The amount of electricity generated by renewables plunged by nearly a tenth last year with the balance largely filled by natural gas, net imports of which rose by 30%, according to new government statistics.

The quarterly Energy Trends update from the Department for Business, Energy & Industrial Strategy (BEIS) shows that final consumption of electricity was 285 TWh in 2021, an increase of 1.8% on 2020 with the lifting of Covid restrictions partly offset by warmer temperatures.

Generation from renewable sources decreased by 9.5% from a record level in 2020, while from fossil fuels it increased to 132 TWh, the data shows

The decrease in renewable generation to 121.9 TWh, albeit still the second highest figure on record, was mostly the result of less wind, sunshine and rainfall during the year.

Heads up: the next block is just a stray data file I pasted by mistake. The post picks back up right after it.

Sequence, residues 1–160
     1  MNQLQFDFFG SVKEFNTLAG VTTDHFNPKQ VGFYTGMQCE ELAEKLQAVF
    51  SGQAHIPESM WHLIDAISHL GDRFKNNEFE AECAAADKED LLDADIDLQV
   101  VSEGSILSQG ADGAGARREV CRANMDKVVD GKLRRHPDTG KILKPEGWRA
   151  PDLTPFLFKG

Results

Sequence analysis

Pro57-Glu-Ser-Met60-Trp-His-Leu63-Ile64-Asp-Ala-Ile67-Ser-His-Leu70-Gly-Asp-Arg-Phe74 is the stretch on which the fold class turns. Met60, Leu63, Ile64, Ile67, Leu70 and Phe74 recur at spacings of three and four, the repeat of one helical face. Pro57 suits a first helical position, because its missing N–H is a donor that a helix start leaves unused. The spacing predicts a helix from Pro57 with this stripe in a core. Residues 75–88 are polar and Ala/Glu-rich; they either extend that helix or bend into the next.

Overall, renewables accounted for 39.3% of total generation, down from 43.1% in 2020.

Growth in renewable generating capacity was a ‘modest’ 3.4% with 1.6 GW installed in 2021.

However, renewable generation saw a rebound in the final quarter of 2021, increasing by 4% to 35.8 TWh with half of the rise accounted for by offshore wind.

Low carbon’s contribution to the generation mix was also undermined by outages in the UK’s nuclear fleet, which generated a total of 46 TWh, the lowest figure recorded in the government’s energy statistics.

The bulk of the gap created by reduced nuclear and renewable generation was filled by gas, total demand for which rose by 5.4% compared with 2020, reaching 854 TWh last year.

To meet this increased demand, 2021 saw a 30% rise in net imports of gas.

The low-carbon electricity gap was also plugged by a “temporary” 14% rise in coal-fired generation from the record low figure in 2020 that followed Covid-19 restrictions and high renewable electricity generation that year.

Net imports of electricity via the UK’s interconnectors were 25 TWh, an increase of 37% and the highest figure recorded in the quarterly government statistics.